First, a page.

If you remarry, you generally cannot continue to receive Social Security benefits based on your former spouse’s earnings record, unless your subsequent marriage ends either by death, divorce, or annulment. However, if you are eligible for benefits based on your new spouse’s earnings record, you may be able to claim benefits as a spouse.
This is one of those Social Security answers people seek that can be costly without proper planning. It is important to review the specific rules and regulations surrounding Social Security benefits for divorced individuals and those who remarry to understand how your benefits may be affected.
Is Social Security financially stable for the future?
There’s probably more misinformation surrounding this issue than any other. Much of it because of the ambitions of politicians. Concerns about the long-term financial stability of Social Security are widespread. While the program faces challenges due to demographic shifts and an aging population, it remains a vital safety net for retirees and individuals with disabilities.
The Social Security Trustees regularly review the program’s financial status and make projections about its future. Currently, the Trustees’ reports indicate that Social Security has sufficient reserves to pay full benefits until 2034. Beyond that point, if no changes are made to the program, it is estimated that incoming revenue will be able to cover around 76% of scheduled benefits.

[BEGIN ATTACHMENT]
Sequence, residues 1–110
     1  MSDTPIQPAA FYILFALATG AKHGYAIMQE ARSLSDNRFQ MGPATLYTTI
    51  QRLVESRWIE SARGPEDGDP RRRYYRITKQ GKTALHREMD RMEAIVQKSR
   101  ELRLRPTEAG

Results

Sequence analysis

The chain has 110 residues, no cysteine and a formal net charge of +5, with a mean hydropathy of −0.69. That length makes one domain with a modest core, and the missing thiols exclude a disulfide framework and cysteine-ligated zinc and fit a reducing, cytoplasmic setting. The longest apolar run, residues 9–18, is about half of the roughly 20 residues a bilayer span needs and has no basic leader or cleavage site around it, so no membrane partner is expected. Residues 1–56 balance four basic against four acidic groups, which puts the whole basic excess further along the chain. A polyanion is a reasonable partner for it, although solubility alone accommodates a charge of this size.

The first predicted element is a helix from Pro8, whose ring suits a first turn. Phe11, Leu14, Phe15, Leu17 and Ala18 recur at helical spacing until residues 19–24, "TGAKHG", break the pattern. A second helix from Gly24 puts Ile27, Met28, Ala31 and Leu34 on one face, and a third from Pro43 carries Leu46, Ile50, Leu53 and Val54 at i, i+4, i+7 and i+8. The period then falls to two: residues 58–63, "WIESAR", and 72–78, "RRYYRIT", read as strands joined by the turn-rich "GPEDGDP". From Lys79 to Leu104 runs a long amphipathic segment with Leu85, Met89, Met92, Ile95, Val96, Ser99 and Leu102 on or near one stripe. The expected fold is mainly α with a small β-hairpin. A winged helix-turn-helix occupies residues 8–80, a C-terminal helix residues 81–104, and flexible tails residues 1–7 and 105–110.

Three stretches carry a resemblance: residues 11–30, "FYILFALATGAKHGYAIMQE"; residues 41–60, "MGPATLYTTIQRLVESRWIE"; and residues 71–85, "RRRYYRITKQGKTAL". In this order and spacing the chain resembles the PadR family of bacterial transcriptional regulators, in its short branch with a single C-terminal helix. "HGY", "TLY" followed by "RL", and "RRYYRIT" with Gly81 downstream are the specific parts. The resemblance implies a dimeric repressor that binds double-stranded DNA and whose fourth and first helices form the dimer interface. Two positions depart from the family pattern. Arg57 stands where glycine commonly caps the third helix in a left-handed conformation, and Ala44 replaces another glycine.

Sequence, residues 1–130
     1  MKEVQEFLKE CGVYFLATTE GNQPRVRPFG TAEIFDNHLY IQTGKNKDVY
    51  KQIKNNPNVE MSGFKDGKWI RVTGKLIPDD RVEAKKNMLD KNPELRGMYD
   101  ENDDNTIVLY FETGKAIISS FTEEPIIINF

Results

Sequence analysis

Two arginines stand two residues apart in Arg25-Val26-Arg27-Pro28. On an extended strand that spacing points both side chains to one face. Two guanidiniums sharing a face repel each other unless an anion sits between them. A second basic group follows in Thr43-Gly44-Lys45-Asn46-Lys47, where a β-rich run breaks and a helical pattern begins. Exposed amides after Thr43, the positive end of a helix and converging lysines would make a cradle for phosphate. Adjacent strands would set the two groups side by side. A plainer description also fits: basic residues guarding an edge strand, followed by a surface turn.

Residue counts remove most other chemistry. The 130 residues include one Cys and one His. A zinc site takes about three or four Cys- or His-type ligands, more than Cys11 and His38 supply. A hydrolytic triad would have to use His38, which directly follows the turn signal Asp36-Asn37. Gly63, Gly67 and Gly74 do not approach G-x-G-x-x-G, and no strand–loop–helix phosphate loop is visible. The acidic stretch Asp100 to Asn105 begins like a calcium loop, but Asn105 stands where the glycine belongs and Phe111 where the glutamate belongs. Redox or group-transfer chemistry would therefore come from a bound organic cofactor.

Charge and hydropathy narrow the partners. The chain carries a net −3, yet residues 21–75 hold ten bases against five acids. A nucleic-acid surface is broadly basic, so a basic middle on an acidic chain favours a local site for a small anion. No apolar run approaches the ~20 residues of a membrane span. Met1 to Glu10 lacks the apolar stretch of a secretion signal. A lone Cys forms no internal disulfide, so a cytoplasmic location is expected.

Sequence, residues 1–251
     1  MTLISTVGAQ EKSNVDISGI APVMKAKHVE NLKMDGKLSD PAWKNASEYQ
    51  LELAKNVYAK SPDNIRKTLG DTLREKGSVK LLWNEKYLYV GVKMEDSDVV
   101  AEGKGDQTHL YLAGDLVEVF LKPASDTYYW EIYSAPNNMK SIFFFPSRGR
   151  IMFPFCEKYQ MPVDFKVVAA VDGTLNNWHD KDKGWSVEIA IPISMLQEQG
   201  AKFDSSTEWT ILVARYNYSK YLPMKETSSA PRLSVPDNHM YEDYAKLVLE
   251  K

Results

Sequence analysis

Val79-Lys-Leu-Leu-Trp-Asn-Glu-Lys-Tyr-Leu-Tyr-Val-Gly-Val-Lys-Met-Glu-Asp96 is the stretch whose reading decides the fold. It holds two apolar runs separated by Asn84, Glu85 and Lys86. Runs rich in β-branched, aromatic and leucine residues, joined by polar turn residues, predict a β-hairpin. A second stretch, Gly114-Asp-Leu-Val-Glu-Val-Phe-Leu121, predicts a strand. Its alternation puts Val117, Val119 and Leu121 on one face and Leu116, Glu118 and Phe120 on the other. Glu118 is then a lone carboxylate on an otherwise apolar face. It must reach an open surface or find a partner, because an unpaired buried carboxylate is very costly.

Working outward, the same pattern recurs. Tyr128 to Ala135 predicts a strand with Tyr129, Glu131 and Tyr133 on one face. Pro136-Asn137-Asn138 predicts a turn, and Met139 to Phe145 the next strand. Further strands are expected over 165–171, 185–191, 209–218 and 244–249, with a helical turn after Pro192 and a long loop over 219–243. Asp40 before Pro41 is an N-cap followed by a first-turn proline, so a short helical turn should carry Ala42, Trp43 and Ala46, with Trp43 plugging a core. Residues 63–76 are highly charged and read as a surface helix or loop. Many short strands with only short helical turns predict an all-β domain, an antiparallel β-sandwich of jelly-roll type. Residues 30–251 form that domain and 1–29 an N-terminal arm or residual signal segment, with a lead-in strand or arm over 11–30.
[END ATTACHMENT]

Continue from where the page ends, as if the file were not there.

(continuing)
Efforts are being made at the legislative level to address the long-term sustainability of Social Security. However, it is important to stay informed about potential changes and consider them in your retirement planning.
Are you ready to do your homework?
If so, you can begin here, where you’ll find a brief discussion and links to some education. Grab some coffee and get ready to take some notes. Many of the Social Security answers you seek can be found here. I think you’ll find this will be a worthwhile one-hour classroom. The notes you take will give you an excellent list of ‘conversation starters’ when you meet with your CFP® professional or tax advisor.